Goldfish are not exactly known for having a genius IQ. They spend their
lives banging their noses against the side of the fish tank and waiting
for a giant hand to appear at the surface with food. It turns out that
they may be smarter than we have been giving them credit for. They can
actually discern the difference between music by Bach and Stravinsky.
A recent study in Japan shows that the fish were able to not only to tell the difference between two pieces of music, but that some of them even demonstrated a preference for one composer over another. This is rather astonishing when many humans claim not to be able the difference.
The two pieces of music used for the study were Johann Sebastian Bach's Toccata and Fugue in D Minor and Igor Stravinsky's The Rite of Spring. It there is any chance that those two pieces sound at all familiar to those of you who aren't totally into classical music, think of the Disney movie "Fantasia." Both pieces were featured as a part of the landmark animated film.
Researchers at Keio University in Tokyo trained four fish to bite and tug at a small red bead when they recognized the music. Of course, the music is an artificial stimulus that has no real meaning for the fish. This ability to discriminate between two complex auditory stimuli may be indicative of an evolutionary advantage that the fish have used to survive.
First the scientists trained the fish to bite the bead and then receive a pellet of food from a nearby tube in their tank. Then they divided the fish into two groups and taught them to do this same activity when played a 20 second audio clip of either piece of music. They were to bite the bead for one piece of music and do nothing for the other.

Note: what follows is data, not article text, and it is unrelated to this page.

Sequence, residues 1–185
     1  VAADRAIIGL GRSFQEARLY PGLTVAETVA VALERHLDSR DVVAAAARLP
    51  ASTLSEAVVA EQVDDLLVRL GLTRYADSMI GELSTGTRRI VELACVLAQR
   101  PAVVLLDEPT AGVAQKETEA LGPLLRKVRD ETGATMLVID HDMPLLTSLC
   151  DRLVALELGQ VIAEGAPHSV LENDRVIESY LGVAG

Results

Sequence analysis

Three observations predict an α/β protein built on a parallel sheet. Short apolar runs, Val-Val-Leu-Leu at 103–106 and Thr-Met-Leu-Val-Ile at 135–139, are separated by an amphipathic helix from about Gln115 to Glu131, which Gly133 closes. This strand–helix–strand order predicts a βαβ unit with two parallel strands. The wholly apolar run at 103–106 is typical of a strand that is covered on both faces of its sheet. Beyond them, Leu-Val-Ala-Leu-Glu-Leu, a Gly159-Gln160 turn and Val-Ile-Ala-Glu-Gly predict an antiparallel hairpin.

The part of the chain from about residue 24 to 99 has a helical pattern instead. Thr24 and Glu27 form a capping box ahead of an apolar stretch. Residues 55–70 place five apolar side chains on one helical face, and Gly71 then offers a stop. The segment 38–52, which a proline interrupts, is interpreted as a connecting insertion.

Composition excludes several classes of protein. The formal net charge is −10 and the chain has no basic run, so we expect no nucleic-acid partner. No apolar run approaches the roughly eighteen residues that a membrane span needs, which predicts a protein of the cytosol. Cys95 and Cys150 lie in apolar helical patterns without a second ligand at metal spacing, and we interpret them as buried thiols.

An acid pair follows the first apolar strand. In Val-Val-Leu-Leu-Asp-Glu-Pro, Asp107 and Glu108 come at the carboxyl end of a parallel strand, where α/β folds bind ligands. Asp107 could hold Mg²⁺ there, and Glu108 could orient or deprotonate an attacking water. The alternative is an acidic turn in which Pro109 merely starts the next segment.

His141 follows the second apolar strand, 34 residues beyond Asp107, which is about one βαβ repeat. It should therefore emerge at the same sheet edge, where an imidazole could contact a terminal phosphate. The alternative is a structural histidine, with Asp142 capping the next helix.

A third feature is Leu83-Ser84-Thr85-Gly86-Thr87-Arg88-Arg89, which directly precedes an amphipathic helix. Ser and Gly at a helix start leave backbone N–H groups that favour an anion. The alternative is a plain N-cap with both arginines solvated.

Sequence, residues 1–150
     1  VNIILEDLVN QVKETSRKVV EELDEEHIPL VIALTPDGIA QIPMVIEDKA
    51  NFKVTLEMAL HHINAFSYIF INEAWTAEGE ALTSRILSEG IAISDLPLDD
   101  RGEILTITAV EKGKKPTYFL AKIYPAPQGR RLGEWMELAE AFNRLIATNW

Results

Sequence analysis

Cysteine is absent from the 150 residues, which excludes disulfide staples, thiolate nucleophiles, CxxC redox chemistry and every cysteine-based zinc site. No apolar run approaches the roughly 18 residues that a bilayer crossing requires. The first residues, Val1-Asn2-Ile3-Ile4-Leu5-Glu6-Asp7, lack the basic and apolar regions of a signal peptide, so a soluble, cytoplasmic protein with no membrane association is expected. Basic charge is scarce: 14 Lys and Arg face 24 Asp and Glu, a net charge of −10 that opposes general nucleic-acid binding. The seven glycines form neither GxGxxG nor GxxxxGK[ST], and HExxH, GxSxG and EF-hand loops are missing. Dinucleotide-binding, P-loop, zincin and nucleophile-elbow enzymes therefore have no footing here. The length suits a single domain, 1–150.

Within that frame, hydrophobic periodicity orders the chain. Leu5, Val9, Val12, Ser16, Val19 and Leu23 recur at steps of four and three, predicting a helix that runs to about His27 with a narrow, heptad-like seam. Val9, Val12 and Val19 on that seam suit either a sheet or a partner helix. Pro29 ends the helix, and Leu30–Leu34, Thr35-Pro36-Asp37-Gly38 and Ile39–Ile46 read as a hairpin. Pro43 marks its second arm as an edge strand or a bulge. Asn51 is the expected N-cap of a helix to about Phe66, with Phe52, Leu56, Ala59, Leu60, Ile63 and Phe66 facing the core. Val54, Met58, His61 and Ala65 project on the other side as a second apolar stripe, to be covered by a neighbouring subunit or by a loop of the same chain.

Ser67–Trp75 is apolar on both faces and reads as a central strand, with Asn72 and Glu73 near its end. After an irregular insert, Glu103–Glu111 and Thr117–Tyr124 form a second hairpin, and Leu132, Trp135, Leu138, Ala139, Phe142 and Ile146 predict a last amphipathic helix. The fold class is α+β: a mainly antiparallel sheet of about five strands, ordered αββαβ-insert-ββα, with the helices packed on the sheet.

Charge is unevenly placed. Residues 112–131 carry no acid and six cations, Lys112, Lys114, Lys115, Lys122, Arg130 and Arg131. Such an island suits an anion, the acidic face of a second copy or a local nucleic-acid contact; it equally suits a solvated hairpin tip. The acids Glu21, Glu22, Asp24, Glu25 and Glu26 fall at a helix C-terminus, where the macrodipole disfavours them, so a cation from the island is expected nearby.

Between the clips the music continued in a muted state so that the next clip came from a different portion of the musical compositions. The researchers found that the fish were able to differentiate between the clips 75% of the time over three separate sessions.
The scientists then tried different music by each of the composers that the fish had never heard before. The fish did not show any recognition and swam randomly when they were played. The researchers believe that the fish might be able to determine if something is new music if they were trained with several pieces by each composer.
In a second experiment involving six goldfish the scientists found that the fish did not show a particular preference for one type of music over another.
However, just like humans, some of the fish did show a preference for one composer's music over the other. One fish avoided Bach's music, while another avoided Stravinsky's. Three of the six subjects showed no preference.
It does leave one to wonder if this is evidence of fish learning to discern vibrations through the water to sense the approach of danger.
Source: The Telegraph